NIKON N90S (F90X) - 1994-2001. The Nikon N90s (F90x) was an autofocus 35mm film camera. It was one of Nikon's best and most expensive amateur 35mm SLRs ever. The N90s sold for over $1,000, even at discount, throughout most of the 1990s, and was sold new through 2004. The N90s was discontinued in May, 2001.   The N90s replaced the almost identical N90, which was made from 1992-1994. This camera and its accessories were donated to the museum collection by our good friend and travel companion, Joan Klonowski of Grants, New Mexico.

http://www.kenrockwell.com/nikon/n90s.htm

http://camerapedia.wikia.com/wiki/Nikon_N90s


CONNECTIX QUICKCAM – 1994. An inexpensive, black-and-white digital video camera that became one of the best-selling Mac accessories of all time. For $99 (street price) the buyer received a fully digital video camera which used a charge-coupled device (CCD) array to capture grayscale video and still images up to 320 x 240 pixels. Because the camera worked with a PowerBook or a notebook PC, it was possible to capture digital images and video virtually anywhere. QuickCam's small size and weight, along with its positioning flexibility (it could be tripod-mounted, used on its supplied stand or hand-held) made it a favorite.

http://en.wikipedia.org/wiki/QuickCam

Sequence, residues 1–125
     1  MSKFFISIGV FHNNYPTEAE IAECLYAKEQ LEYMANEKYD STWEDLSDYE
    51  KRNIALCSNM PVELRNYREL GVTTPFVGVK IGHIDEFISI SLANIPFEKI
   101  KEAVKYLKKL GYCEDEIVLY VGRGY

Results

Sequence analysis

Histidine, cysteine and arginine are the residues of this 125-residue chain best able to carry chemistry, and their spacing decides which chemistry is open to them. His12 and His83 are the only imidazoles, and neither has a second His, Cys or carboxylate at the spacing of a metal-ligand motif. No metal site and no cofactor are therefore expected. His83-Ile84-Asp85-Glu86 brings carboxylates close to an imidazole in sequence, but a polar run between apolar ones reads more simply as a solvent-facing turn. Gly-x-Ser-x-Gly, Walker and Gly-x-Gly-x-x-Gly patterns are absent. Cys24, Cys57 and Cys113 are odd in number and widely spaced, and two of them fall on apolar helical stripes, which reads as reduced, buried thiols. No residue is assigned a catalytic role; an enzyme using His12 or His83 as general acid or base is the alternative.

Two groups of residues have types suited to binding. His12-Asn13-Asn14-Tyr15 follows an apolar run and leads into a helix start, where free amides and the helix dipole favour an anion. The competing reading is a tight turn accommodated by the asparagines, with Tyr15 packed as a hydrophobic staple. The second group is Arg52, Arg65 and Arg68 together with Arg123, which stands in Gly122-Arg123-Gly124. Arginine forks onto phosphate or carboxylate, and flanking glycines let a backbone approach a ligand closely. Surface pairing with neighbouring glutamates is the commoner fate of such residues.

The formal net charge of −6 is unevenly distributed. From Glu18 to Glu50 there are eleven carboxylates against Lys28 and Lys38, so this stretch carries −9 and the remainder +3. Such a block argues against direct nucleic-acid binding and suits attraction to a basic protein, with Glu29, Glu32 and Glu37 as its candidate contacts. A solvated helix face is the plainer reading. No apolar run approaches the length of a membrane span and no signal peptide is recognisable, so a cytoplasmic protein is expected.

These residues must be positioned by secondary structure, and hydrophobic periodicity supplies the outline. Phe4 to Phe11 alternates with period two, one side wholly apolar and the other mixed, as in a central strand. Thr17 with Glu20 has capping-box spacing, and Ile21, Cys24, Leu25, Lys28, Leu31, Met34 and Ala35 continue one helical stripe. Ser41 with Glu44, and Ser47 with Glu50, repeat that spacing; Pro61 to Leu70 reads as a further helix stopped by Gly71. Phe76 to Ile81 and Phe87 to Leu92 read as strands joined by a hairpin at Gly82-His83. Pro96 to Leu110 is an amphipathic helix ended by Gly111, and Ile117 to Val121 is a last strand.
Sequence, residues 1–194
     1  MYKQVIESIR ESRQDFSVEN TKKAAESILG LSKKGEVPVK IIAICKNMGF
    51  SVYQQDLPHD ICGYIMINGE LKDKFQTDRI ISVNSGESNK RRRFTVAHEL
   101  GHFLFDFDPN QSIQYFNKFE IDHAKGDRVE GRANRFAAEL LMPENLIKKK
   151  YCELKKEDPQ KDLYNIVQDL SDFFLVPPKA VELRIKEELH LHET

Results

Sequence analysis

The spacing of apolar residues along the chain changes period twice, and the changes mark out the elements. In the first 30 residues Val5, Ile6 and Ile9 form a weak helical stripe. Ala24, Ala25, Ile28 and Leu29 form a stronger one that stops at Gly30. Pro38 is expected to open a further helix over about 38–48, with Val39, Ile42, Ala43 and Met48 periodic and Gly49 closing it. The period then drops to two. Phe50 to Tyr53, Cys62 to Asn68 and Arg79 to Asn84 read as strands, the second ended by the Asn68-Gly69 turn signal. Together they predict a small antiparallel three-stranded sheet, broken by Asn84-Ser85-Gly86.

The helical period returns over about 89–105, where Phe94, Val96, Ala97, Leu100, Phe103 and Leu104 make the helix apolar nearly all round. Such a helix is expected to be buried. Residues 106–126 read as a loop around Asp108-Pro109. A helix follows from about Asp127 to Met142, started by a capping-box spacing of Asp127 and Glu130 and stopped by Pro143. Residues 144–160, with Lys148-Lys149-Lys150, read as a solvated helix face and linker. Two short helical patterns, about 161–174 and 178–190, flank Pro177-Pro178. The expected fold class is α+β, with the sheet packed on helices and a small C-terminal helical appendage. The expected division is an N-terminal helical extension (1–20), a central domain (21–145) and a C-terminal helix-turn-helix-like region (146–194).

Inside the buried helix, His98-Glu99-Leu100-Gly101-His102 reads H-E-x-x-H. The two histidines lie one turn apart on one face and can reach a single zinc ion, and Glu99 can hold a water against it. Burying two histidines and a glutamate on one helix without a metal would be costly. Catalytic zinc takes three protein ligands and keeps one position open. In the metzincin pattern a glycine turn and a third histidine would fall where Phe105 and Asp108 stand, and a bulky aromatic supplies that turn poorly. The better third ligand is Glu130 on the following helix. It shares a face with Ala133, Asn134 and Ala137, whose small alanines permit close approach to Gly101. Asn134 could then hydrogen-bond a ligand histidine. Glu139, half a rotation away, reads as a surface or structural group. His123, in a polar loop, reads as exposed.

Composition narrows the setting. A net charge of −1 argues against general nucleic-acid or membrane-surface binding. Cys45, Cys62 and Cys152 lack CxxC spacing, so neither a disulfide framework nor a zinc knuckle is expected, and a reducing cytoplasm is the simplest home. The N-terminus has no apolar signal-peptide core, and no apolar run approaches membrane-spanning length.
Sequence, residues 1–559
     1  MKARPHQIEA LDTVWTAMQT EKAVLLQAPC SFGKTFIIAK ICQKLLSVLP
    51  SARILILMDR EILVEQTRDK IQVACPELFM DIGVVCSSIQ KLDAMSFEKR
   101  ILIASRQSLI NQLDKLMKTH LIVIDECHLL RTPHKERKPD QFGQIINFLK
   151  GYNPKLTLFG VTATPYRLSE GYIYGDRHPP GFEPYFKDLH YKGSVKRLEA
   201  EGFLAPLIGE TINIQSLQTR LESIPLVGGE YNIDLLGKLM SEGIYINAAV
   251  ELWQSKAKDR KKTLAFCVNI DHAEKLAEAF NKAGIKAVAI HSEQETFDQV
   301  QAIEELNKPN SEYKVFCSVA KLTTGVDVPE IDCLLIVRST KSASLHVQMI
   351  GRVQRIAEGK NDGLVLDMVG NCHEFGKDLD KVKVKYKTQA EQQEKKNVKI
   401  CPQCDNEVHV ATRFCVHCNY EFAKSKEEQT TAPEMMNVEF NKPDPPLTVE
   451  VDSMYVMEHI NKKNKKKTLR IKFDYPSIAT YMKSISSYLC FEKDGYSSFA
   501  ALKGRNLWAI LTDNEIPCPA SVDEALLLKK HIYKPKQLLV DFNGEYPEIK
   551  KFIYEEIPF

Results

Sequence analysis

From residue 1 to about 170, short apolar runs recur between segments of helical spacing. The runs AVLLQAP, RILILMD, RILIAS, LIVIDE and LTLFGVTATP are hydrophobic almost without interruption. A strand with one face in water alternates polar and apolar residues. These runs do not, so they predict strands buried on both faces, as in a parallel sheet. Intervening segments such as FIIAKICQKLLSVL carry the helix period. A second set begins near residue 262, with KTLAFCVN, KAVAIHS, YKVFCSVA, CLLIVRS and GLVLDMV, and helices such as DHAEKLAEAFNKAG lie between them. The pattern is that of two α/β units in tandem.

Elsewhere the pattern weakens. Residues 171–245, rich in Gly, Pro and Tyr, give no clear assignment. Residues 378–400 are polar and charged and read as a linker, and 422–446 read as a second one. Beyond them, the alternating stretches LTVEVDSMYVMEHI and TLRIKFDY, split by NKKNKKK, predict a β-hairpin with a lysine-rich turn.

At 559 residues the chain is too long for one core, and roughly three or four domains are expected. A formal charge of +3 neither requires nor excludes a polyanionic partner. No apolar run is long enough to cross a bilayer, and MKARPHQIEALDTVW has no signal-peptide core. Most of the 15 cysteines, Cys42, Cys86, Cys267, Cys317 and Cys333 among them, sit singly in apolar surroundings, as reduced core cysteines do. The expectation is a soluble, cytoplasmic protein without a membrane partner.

EPSON DESKTOP COLOR INKJET PRINTER, MJ-700V2C – 1994.  The first 'photo quality' desktop inkjet printer.  At 720 by 720 dots per inch, it offered double the resolution of other color printers of the time.
http://global.epson.com/company/corporate_history/



HASSELBLAD DIGITAL CAMERA DESIGN - 1994.  UMEA University Institute of Design in Collaboration with Hasselblad Electronic Photography.  Degree Project by Stina Nilimaa who graduated in 1995.  http://www.dh.umu.se/


FUJI DS-505, DS-515 (Nikon E2, E2S) - 1994.  The Fuji DS-505/DS-515 and Nikon E2/E2s digital cameras were PC card (ATA) equipped SLRs that were compatible with a wide range of interchangeable Nikon lenses and accessories.  2/3-inch, 1280 x 1000 pixel CCD.   ISO 800, 1600.  Shutter 1/8 to 1/2000 second.  Digital Photography, David Busch, 1995, p51.  http://apphotnum.free.fr/N2BE10.html

THE FOCAL POINT PENTACAM VSC/3000 Hydra Camera) - 1994. A company called The Focal Pont introduced this unusual still video camera in 1994. It consisted of a Sony video camera combined with a Nikon F4S 35mm SLR film camera. It could take still or video images, but required a videotape recorder, frame grabber, computer, and of course a lens, none of which were included in the $23,000 price. 768 x 494 three-chip CCD.

http://www.wired.com/wired/archive/3.08/fetish.html


KODAK DCS 410  - 1994.  Based on Nikon F90 as the body. See the below web site for complete information on the Kodak DCS 400 series cameras.

http://www.mir.com.my/rb/photography/companies/Kodak/index1.htm


KODAK DCS 420, DCS 420c, DCS 420m, DCS 420ir  - 1994.  Based on Nikon N90X.   1524 x 1012 pixel images.  Image storage on removable PC cards, Type III 12 bits/color.  14 mm x 9.3 imager magnified focal length of the lens 2.5X.  SCSI interface.  ISO-equivalent settings of 100 to 400 for color model, 200 to 800 for monochrome model.  Burst rate of 2 images/second for 5 images, enabling 5 images in just over 2 seconds from camera to capture.  MSRP $11,000.
http://apphotnum.free.fr/N2BE10.html